Cancer risk associated with an inherited mutation
If you have tested positive for a mutation, we recommend that you consult with a genetics expert who can assess your personal and family history of cancer and can help you decide on a plan to manage your risk. Note that when we use the term "men" and "women" we are referring to the sex you were assigned at birth.
People with a mutation are at increased risk for many cancers. The following are the risks for the most common cancers in people with Li-Fraumeni syndrome:
- breast cancer (about a 60% lifetime risk for women)
- soft tissue sarcoma (up to 15% for women; 22% for men)
- osteosarcoma or bone cancer (up to 5% for women; 11% for men)
- brain tumors (up to 6% for women; 19% for men)
- pancreatic cancer (5-10% risk)
- adrenal gland cancer
- gastric cancer
- colorectal cancer
Childhood cancer risk
Many of the cancers seen in occur particularly early in life, including in children and young adults:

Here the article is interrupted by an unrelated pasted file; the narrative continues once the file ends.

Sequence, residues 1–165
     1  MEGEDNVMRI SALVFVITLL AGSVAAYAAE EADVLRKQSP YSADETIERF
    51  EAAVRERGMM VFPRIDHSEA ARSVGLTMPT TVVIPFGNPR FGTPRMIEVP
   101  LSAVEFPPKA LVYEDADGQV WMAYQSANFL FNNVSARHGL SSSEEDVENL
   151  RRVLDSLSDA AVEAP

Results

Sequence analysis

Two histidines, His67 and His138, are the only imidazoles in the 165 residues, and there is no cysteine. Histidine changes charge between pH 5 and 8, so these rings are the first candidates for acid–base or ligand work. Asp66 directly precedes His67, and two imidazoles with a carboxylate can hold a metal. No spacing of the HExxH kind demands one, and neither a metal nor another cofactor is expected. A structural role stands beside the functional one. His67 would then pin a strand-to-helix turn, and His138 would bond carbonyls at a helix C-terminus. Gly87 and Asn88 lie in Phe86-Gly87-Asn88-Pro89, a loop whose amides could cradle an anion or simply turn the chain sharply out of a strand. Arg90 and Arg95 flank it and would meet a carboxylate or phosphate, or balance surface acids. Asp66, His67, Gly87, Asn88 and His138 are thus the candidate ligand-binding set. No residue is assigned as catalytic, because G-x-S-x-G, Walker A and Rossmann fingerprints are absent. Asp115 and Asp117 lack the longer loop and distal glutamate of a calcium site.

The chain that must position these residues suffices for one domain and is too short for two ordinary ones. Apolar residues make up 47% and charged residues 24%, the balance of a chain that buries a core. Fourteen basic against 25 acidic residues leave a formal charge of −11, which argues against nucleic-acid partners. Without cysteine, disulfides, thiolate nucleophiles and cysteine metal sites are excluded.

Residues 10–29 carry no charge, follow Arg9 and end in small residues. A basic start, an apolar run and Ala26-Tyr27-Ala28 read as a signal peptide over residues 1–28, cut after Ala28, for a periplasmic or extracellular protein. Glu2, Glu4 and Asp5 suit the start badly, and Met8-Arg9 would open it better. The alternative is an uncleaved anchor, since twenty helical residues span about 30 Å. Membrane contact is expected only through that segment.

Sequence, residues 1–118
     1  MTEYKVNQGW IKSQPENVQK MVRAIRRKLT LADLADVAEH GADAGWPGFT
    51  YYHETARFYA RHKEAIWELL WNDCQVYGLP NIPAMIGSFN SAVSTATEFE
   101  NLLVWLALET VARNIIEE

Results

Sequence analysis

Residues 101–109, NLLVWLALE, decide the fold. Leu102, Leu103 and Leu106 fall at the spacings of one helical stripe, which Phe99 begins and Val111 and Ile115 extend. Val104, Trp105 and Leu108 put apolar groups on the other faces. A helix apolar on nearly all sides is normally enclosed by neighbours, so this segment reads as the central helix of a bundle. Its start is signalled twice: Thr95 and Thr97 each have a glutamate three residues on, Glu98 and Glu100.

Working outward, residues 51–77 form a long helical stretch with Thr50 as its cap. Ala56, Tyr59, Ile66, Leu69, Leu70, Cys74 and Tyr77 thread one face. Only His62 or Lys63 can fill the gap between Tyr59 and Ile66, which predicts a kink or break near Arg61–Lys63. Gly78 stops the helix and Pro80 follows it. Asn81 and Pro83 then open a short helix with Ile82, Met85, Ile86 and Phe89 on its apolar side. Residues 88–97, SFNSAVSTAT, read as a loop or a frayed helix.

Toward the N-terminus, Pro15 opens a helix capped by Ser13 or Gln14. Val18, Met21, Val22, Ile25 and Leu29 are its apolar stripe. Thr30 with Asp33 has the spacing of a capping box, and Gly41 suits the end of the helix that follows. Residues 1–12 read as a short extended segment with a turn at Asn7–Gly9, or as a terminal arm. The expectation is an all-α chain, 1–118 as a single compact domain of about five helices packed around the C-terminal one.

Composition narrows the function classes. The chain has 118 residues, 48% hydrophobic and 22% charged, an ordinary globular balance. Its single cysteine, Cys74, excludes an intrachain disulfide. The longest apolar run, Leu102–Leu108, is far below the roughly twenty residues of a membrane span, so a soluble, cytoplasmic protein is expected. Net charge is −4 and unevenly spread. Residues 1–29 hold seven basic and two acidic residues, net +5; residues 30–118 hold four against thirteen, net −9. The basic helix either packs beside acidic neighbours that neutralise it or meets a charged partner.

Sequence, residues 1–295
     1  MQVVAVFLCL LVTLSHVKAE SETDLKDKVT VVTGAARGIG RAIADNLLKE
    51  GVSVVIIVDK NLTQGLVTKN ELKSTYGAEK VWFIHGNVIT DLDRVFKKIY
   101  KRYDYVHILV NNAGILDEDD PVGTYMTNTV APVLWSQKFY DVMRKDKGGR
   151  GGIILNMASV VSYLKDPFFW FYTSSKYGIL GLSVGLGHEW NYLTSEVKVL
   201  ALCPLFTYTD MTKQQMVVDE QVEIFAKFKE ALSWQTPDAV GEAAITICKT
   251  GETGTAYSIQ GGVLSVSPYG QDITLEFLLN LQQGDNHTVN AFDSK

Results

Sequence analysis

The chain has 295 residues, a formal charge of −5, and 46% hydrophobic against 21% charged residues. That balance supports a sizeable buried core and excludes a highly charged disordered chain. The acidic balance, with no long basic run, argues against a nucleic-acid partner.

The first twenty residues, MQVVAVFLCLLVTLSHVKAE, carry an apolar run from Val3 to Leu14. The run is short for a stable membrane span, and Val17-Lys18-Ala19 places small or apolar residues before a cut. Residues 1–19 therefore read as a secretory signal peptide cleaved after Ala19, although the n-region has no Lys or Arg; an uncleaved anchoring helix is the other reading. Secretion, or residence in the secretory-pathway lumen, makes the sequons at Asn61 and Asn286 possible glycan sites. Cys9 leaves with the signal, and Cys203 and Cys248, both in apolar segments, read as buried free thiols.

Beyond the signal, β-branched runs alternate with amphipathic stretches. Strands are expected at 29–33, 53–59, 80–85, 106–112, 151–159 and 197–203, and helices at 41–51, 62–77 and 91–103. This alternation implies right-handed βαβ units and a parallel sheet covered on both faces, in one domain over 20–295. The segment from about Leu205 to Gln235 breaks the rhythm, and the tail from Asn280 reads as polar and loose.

- 4% of babies will develop cancer in their first year of life
- 22% will develop cancer by age 5
- 41% of children will develop cancer by age 18
Research has shown that plays a role in many childhood cancers, including:
- 80% of rhabdomyosarcoma with diffuse anaplasia
- 50% of childhood adrenocortical carcinoma
- 40% of choroid plexus carcinoma
- 40% of low-hypodiploid acute lymphoblastic leukemia
- 10% of Sonic Hedgehog subtype medulloblastoma
- 10% of childhood osteosarcoma
FORCE offers many peer support programs for people with inherited mutations.
- Our Message Boards allow people to connect with others who share their situation. Once registered, you can post on the Diagnosed With Cancer board to connect with other people who have been diagnosed.
- Our Peer Navigation Program will match you with a volunteer who shares your mutation and situation.
- Our moderated, private Facebook group allows you to connect with other community members 24/7.
- Check out our virtual and in-person support meeting calendar.
- Join one of our Zoom community group meetings.